AMC, which already has a major hit on its hands with Mad Men, is now pitching a new reality show that will pit real ad agencies against one another in a real life pitches. But agencies are not biting, according to Ad Age.
Doug Spong, president of Carmichael Lynch, said that they weighed the idea but “at the end of the day, we decided that the tremendous time commitment, lack of anything financially tangible at the end (even if we were to ‘win’ the assignment against the competing agency) and risk to our reputation as an agency simply outweighed any reward for participating. Personally, I was worried that the drama involved in reality programming today would alienate and offend some of our clients, turn off blue-chip prospects, and leave everyone with the question of ‘Why do we have so much time to play make-believe when there’s so much deserving client work to be created and produced.'”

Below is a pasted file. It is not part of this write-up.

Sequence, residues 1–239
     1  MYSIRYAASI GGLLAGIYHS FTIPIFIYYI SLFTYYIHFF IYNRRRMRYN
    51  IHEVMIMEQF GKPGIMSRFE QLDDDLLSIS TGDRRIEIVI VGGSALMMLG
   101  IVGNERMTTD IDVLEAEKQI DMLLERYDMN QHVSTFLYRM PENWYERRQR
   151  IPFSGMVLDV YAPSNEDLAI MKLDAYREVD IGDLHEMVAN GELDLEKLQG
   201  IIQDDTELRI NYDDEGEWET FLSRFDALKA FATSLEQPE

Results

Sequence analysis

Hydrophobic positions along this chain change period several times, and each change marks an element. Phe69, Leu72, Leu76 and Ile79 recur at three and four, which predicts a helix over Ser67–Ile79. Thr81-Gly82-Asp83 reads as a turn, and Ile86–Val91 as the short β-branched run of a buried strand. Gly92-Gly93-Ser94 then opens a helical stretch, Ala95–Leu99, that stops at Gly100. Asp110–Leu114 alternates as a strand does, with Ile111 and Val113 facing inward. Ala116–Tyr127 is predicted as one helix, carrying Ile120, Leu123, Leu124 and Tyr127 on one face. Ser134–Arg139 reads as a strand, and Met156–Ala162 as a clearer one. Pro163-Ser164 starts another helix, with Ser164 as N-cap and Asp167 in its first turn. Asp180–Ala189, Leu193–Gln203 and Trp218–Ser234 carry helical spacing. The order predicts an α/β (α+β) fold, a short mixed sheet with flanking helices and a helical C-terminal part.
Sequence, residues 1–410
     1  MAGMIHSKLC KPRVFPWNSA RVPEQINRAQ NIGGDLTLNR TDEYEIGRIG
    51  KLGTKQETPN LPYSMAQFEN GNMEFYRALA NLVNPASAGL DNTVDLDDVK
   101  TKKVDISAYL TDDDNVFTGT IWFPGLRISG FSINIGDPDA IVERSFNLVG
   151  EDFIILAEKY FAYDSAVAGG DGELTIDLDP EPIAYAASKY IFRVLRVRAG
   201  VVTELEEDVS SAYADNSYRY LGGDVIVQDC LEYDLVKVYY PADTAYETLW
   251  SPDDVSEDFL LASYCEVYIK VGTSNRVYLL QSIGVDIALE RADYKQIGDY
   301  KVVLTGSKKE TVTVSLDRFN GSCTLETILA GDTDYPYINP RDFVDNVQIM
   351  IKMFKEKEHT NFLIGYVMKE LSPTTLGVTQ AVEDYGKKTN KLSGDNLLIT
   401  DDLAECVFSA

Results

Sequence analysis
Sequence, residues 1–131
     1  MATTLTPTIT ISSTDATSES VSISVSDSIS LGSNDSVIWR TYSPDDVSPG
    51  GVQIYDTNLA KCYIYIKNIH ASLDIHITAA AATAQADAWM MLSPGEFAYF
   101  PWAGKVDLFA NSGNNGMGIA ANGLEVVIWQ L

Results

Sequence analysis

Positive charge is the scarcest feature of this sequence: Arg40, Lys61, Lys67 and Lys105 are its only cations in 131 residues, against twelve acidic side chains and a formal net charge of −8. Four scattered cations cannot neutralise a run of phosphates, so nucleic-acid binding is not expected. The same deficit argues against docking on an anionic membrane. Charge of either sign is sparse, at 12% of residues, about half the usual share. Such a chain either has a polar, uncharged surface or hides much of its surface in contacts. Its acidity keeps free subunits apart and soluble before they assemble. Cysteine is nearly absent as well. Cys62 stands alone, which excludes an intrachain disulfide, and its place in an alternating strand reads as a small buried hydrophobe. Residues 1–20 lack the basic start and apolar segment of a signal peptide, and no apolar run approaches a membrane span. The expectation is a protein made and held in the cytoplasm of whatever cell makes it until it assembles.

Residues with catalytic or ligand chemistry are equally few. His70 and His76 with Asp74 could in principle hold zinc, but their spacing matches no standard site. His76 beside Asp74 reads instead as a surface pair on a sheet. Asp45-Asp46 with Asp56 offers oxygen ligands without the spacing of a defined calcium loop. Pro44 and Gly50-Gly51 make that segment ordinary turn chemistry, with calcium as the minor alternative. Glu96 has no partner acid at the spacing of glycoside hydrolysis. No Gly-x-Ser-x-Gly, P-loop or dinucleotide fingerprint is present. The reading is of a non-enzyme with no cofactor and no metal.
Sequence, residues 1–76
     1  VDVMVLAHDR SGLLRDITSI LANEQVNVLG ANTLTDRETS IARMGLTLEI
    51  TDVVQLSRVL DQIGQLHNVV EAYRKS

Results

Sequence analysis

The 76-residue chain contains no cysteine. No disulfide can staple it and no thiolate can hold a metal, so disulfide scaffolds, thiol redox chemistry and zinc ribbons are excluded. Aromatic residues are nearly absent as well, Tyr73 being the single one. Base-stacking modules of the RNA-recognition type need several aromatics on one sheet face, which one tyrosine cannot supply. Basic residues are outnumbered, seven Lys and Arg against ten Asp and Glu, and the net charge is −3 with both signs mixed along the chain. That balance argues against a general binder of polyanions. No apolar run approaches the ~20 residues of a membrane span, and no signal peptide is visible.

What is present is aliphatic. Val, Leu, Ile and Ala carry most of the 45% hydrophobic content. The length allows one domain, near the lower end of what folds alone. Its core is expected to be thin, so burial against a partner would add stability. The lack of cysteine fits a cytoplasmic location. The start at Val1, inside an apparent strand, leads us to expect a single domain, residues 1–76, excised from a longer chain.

Another concern: that clients wouldn’t appreciate company time being used to promote the shop over the brand.
I can understand why agencies don’t want to appear on camera, after all viewers might discover that there’s no such thing as a proprietary system for solving marketing problems. And that realization ultimately gives too much credit to the creative team.
I’m also wondering where the drama is in this idea. A bunch of ad grunts pulling all-nighters to prepare for a pitch isn’t exactly the kind of thing that makes for exciting television.
Interestingly, Ad Age notes that The Gruen Transfer, a show from Australia that delves into the psychology and science behind advertising has, somewhat shockingly, made for compelling television. The show is prepping to go into its fourth season in August.